Daily Archives: May 22, 2011

Live blogging a tornado

Well, that was interesting. We are having turbulent weather here in Minnesota. The current low pressure system passing across the US is sitting on us like a bullet on a bull’s eye. Almost every line of storm activity is breaking into small blobs which in turn are spinning up wall clouds and twisters, mostly small, mostly only on radar, mostly not touching down.

Except the one that is currently bearing down on Coon Lake Beach and Forest Lake. It was spotted on a traffic cam earlier, seen by some spotters, damaged a shopping mall, and hit the small airport we have down the road from here. But what happened here, at our house, was kinda cool.

A large cloud which I believe contained the tornado to our east sat over head dropping one or two inch an hour rain (but no hail). However the wind velocity was zero. The leaves on nearby trees were quivering lightly from being rained on. I heard the freight train but the air did not move.

Then, just as the sound of the tornado going by faded into the distance, with the wind still at zero, leaves started to fall. I could see them way up in the air, two or three times higher than the tops of the perfectly still trees all around me, and the leaves fell, spinning or wavering a bit, but not much, straight down to the ground. And, when they hit the ground I could see that every one of the green falling items was a small fragment of a leaf or other vegetation. Debris carried high into the air, spread out from the tornado, and gently dropped on it.

As I write this I’m hearing that dozens of homes in one area have been damaged, people are using their own axes and chain saws to cut through trees sitting on people’s houses to rescue those trapped inside. No reports of injuries from that locality right now. I don’t know where the heck the breathless reporter was calling in from … oh, wait, North Minneapolis. People are trapped in their homes and cars. We’ll keep an eye on that.

UPDATE: They’re showing traffic cam film of a twister on the ground in Forest Lake now, a few miles away from the camera, which in turn is in the sun.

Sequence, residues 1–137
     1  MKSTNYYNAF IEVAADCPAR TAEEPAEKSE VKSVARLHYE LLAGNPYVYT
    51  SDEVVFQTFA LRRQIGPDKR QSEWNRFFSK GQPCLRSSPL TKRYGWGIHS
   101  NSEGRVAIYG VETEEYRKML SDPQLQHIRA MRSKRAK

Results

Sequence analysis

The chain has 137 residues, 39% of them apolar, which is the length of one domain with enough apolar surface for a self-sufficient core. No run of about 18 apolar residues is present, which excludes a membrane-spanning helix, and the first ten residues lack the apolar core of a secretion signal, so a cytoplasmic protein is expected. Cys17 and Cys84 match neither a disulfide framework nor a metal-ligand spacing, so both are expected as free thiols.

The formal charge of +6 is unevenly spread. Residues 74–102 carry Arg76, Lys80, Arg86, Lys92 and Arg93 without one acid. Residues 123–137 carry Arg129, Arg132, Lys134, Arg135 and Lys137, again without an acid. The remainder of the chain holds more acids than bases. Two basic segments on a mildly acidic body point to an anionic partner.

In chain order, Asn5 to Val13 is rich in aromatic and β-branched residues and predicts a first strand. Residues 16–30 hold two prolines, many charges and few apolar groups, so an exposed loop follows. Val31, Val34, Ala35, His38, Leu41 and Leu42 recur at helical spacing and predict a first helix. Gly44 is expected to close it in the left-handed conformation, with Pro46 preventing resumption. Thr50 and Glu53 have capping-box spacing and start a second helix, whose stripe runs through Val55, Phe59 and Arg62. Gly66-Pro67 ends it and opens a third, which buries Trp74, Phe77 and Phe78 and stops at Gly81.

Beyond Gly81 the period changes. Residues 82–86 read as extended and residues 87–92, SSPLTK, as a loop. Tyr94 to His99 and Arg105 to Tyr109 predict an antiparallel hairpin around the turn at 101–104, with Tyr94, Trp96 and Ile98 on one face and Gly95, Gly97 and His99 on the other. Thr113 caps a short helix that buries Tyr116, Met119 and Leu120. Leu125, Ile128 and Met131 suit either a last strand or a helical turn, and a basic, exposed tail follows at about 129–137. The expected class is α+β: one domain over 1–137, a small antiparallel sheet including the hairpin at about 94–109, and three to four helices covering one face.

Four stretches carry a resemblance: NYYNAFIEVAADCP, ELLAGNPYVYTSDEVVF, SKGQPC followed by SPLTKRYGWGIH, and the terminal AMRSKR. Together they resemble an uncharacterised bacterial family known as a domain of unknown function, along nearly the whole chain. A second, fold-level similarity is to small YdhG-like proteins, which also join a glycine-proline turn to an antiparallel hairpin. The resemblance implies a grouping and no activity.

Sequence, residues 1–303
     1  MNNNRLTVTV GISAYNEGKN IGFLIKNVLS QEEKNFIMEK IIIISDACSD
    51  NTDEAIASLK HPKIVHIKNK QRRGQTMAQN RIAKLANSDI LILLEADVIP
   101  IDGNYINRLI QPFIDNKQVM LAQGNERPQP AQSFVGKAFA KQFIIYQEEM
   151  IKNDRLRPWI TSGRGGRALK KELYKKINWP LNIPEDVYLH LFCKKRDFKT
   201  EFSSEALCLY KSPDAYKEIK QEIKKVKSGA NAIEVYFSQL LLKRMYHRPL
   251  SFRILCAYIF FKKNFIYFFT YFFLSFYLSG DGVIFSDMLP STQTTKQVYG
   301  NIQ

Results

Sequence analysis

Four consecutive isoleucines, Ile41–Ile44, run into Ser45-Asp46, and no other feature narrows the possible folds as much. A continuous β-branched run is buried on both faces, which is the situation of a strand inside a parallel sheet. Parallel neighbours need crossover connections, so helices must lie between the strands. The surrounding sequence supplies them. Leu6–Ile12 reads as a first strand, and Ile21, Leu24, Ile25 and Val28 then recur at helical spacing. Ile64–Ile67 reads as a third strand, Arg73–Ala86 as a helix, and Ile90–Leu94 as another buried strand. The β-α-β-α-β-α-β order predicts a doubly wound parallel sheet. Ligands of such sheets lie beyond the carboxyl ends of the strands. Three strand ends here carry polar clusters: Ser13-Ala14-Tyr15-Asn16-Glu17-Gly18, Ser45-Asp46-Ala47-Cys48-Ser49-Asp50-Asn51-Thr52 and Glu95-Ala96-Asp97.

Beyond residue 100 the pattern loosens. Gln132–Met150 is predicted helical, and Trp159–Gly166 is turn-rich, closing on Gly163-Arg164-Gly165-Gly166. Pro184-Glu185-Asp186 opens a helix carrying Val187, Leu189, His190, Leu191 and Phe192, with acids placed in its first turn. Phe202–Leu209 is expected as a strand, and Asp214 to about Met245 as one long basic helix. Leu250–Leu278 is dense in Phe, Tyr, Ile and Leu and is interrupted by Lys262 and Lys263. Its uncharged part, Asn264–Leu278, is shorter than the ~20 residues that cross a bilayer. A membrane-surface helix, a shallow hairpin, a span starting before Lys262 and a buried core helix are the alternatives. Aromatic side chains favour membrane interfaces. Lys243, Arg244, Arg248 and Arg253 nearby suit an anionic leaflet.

Three Academic Books on Bird Migration

These are the kinds of books you get if you are either a scientists studying bird migration and related issues, or a very serious bird geek. The first two can be obtained at very low prices used, but the third will set you back at least 50 bucks US$ if you want a used copy. Note the spread of publication dates. It is not the case that the oldest book is out of date in all respects: Quite the contrary. Alerstam reviews theory and ideas that have not been revisited or revised to any great degree. Also, it is interesting to see how changes in the field develop over a decade or so. In any event, I’ve labeled the books by year of publication to make it very clear that I’m not showing you hot off the press items here.

1993: Bird Migration by Thomas Alerstam is a general overview of bird migration with an excellent overarching discussion of the context in which migration has evolved followed by a focused study of nine different ecologically defined categories of birds. There is also a detailed discussion of what was known about navigation at the time of publication.

2001: Bird Migration: A General Survey by Peter Berthold covers similar topics as Alerstam but with more focus on the evolution of migration, methods of study, bird physiology and threats to migratory species.

2005: Birds of Two Worlds: The Ecology and Evolution of Migration, Edited by Russell Greenberg and Peter P. Marra is different from the above mentioned book in that it is an anthology of scholarly papers on bird migration, covering the full range of migratory syndromes and the evolution of migration.

Ark Park Gets State Funding

The separation of church and state is dead in Kentucky Governor Beshear says he would welcome a “Mecca Theme Park” as well. He also says the Ark Park will be required to not discriminate in hiring. We’ll see.

From the Courier-Journal:

A state contractor concluded that the proposed Ark Encounter biblical theme park will draw enough visitors to qualify for state incentives, prompting the Kentucky Tourism Development Finance Authority to grant final approval for up to $43.1 million in sales tax rebates over 10 years.

The state tourism law spells out several requirements, including the number of out-of-state visitors, that must be met for developers to recover up to 25 percent of the project’s cost through a return of the sales tax paid by visitors on admission tickets, food, souvenirs and other expenses.

Ark Encounter, which will feature a 500-foot wooden model of Noah’s Ark and the Tower of Babel from the Bible, is projected to cost as much as $172.5 million and create 500 full-time and 400 part-time jobs.

Here’s the governor trying to make it sound like he couldn’t care less about the way our system of democracy is supposed to work:

(If the video is invisible, watch it here.)

Hat Tip: Joe